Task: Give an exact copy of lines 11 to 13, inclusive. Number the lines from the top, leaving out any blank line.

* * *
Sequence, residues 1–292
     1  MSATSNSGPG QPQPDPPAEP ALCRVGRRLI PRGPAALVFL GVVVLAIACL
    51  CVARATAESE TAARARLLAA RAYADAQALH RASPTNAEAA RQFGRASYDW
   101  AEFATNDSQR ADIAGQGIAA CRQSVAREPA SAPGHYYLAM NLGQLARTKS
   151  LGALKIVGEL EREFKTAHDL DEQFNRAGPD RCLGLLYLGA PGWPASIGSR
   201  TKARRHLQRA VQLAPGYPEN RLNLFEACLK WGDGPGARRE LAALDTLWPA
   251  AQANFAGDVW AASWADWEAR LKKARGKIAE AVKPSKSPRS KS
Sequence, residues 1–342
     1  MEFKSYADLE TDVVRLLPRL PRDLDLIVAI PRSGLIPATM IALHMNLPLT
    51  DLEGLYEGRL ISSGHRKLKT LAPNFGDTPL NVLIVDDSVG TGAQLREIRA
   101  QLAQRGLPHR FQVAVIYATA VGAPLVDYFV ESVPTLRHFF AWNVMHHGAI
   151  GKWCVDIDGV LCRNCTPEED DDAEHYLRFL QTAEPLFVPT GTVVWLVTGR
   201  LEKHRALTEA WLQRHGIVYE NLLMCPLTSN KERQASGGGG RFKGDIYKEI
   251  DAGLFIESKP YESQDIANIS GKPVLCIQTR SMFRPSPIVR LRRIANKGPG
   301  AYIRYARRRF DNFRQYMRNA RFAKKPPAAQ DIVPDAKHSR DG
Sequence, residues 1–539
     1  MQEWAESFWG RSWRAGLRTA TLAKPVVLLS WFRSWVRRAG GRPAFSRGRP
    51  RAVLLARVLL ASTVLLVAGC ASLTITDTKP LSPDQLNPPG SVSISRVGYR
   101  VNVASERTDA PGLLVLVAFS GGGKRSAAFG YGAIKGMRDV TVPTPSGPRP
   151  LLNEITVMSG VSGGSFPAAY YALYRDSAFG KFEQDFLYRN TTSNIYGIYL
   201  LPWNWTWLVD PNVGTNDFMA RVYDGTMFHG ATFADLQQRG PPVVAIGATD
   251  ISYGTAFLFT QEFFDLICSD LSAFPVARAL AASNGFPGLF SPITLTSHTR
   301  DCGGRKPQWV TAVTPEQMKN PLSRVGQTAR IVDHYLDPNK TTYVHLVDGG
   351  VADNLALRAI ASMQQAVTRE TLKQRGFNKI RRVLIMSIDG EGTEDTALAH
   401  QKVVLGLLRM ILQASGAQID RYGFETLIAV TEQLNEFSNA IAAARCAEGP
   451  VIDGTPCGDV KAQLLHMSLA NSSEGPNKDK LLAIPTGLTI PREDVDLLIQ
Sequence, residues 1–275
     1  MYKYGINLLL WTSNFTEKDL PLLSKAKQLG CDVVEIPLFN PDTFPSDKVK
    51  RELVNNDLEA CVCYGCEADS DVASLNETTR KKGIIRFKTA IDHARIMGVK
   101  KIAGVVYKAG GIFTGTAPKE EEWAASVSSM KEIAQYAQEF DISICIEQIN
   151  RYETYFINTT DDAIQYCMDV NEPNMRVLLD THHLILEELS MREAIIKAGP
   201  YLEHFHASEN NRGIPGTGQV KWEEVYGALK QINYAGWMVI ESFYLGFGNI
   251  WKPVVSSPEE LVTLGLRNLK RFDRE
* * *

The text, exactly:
   101  QLAQRGLPHR FQVAVIYATA VGAPLVDYFV ESVPTLRHFF AWNVMHHGAI
   151  GKWCVDIDGV LCRNCTPEED DDAEHYLRFL QTAEPLFVPT GTVVWLVTGR
   201  LEKHRALTEA WLQRHGIVYE NLLMCPLTSN KERQASGGGG RFKGDIYKEI